Thanks for the great suggestions Kristen.  We tried to do a virtual tour of a NASA center with another project on which I am working but only essential employees are allowed onsite.  We are getting support from other SMEs to share their research and even their history.  We had Apollo 13 astronaut, Fred Haise, speak to students about his experience and how to problem solve and stay positive during critical times.

    I like the "coffee shop" idea.  Thank you!

  • Icon for: Ed Robeck

    Ed Robeck

    Facilitator
    May 5, 2020 | 06:26 p.m.

    Great thread of questions and responses, Margaret. I was fascinated at the openness of the selection process. How much do the students know about the projects they'll be working on as they apply? Are there options once they're selected? Do the mentors have a role in the students' assignments? Hearing all the student voices was a real treat!

  • Icon for: Margaret Baguio

    Margaret Baguio

    Lead Presenter
    Program Manager - Education and Outreach
    May 5, 2020 | 09:50 p.m.

    The projects are all listed on our website, along with a description.  While each gives a general idea of the project, there is more explanation as they are selected.  The student chooses their 1st, 2nd, and 3rd choice for projects.  We try to give them their first choice but that isn't always possible.  We had over 600 applications for the 60 on-site internship positions this summer.  Their are two educators that review each application to narrow it to the top 100.  These are then reviewed and ranked by the science team.  We then divide according to project choices.  This summer is different as we are virtual.  The project mentors guide all research and final selections.  The 60 will participate in the traditional projects and we have added projects that are related to the COVID19 response and the Mosquito Mapper project.  For COVID19 response, students will work in groups based around a topic, brainstorm ideas for solving the problem, and then identify NASA sensors, satellite data, and missions that may provide data to assist in their recommendations.  We added the Mosquito Mapper project as a virtual option last year with 125 participants.  These students learned how to identify Zika and West Nile mosquito larvae and populated the database on where it was located and the conditions in which it was found.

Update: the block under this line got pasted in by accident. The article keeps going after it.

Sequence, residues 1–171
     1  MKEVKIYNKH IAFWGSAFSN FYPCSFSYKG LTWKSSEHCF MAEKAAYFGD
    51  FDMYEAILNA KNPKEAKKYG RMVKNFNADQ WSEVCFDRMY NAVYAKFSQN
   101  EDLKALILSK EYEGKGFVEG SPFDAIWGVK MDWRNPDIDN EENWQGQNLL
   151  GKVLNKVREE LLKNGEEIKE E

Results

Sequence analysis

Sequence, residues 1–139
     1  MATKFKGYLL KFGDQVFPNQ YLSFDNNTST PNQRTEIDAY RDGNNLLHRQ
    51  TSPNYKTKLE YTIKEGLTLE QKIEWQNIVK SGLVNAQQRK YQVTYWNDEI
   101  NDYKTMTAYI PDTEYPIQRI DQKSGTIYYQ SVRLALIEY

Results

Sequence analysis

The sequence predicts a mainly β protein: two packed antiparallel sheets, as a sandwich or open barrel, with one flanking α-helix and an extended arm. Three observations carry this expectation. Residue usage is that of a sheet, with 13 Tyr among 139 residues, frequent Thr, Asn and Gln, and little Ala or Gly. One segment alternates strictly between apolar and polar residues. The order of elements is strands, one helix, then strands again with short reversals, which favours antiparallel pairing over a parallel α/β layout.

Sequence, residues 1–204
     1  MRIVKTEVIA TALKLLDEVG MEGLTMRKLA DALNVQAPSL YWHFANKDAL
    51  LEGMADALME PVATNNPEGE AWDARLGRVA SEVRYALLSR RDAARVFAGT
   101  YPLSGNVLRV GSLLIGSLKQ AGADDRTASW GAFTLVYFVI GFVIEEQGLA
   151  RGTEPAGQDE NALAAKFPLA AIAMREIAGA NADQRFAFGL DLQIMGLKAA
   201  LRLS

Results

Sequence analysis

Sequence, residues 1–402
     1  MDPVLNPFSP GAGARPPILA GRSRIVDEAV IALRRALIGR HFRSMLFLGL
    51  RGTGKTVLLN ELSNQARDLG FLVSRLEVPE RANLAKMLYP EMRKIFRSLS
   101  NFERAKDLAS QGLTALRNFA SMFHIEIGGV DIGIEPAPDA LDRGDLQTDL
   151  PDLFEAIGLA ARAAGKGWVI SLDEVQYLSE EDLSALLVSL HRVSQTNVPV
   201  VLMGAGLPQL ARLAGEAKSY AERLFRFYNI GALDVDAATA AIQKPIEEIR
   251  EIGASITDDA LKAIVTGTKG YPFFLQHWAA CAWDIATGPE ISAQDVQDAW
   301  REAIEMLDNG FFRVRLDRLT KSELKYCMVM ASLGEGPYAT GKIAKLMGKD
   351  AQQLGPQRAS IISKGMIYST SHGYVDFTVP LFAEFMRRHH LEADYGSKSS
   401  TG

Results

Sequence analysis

Have you had experience with mentors guiding student research in the past?

  • Icon for: Ed Robeck

    Ed Robeck

    Facilitator
    May 6, 2020 | 08:23 a.m.